In a globally competitive world, Internet speeds matter
“We’re here because speed matters,” said Medin with Google. “At Google, we’re obsessed with speed.”
Everyone knows the frustration of trying to upload or download a large file on the Internet, Medin said. It wasn’t long ago that broadband Internet access was a novelty, he said. Broadband Internet access has led to all kinds of new innovations on the Web, he said. Yet despite the innovations, the speed of broadband access had not gotten that much better for most people, Medin said.
Today, the U.S. ranks 16th in Internet speeds worldwide and yet consumers pay some of the highest rates in the world, Medin said.
“This is a problem in a world that is globally competitive,” he said.
Medin said he was sadden to read a story in the Wall Street Journal in January about high school students who hang out in the parking lots of Starbucks and McDonald’s to use the free Wi-Fi to complete their homework.
“We’re giving everyone living within Austin the choice to use Google fiber,” he said. “No more waiting on the Internet.”
With the Google fiber Internet and TV package, consumers will get a Digital Video Recorder and they will be able to record up to eight high-definition television shows at the same time.
“The way Google fiber works, we build where you tell us to,” Medin said. The first rollouts of the service will be in the neighborhoods with the most demand, he said. The area that has the most people sign up for the service will get it first.
Google has confirmed that it’s going to bring Google fiber to small businesses and that’s expected to make Austin, which has a growing technology base, even more competitive with Silicon Valley, said Eugene Sepulveda, CEO of the Entrepreneurs Foundation of Central Texas.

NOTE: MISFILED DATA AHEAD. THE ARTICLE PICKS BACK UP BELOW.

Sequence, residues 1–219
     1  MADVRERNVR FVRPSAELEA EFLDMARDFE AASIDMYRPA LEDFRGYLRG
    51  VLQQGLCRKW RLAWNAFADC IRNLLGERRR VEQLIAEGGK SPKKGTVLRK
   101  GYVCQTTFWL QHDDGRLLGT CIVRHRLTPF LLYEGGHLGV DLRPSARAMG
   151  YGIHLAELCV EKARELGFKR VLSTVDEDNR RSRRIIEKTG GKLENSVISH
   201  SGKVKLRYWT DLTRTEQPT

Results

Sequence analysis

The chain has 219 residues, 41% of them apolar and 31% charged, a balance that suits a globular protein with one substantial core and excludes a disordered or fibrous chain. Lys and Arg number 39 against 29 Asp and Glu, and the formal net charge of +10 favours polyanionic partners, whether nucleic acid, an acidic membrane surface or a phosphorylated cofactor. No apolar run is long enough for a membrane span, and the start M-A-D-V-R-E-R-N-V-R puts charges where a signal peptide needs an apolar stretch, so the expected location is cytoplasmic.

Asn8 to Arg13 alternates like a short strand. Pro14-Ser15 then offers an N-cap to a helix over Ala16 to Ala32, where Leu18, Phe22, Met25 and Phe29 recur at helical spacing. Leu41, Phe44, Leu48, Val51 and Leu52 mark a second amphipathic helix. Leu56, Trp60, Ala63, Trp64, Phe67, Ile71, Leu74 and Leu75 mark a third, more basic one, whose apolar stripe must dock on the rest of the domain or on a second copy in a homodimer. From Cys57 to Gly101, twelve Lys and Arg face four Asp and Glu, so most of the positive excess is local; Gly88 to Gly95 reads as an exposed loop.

“It means greater productivity and a higher quality of life,” Sepulveda said. “It will definitely be a competitive advantage for Austin.”
High tech companies are already looking to relocate to Texas
Already, the Austin Technology Council gets a few calls every week from California high-tech companies looking to move to Texas to escape high taxes in California, said Julie Huls, president and CEO of ATC. Now she expects even more calls.
“Google fiber validates Austin as a Tier One market for technology,” Huls said. “It really solidifies our place. The announcement alone will create additional global visibility for Austin.”
Huls said she recently spoke with the Kansas City Technology Council CEO who told her that Google fiber has dramatically changed the city and spurred further technology startups.
If I had Google fiber I would…..
Following the official announcement, the invited guests went upstairs for tacos and sodas and to receive Google blue “swag bags” with a white Google fiber Austin T-shirt in them. People also filled out red Google map marker stickers that said “If I had Google fiber I would ….” They filled in the blank with all kinds of suggestions including work from my hammock and rule the world and they placed them on a map of Austin.
Google kicked off the announcement with this video.
This video gives even more details on Google fiber.
Gov. Rick Perry’s speech at the Google fiber event.
Nathan Bernier with KUT Austin has uploaded a soundcloud file with the full 30 minute press conference, if you would like to listen to it yourself.
For more information on the availability of the Google Fiber service in Austin, sign up for updates.